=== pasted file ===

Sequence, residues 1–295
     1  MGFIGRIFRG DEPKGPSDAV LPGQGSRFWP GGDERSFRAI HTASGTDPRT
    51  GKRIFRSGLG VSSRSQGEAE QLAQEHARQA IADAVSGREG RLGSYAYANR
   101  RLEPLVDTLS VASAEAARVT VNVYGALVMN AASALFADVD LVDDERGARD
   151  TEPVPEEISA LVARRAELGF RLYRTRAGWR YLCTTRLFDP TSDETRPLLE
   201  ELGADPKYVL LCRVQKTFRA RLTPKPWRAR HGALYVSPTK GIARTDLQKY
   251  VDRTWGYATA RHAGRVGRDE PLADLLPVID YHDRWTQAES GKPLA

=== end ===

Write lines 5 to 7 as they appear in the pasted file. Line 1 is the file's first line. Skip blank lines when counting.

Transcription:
   151  TEPVPEEISA LVARRAELGF RLYRTRAGWR YLCTTRLFDP TSDETRPLLE
   201  ELGADPKYVL LCRVQKTFRA RLTPKPWRAR HGALYVSPTK GIARTDLQKY
   251  VDRTWGYATA RHAGRVGRDE PLADLLPVID YHDRWTQAES GKPLA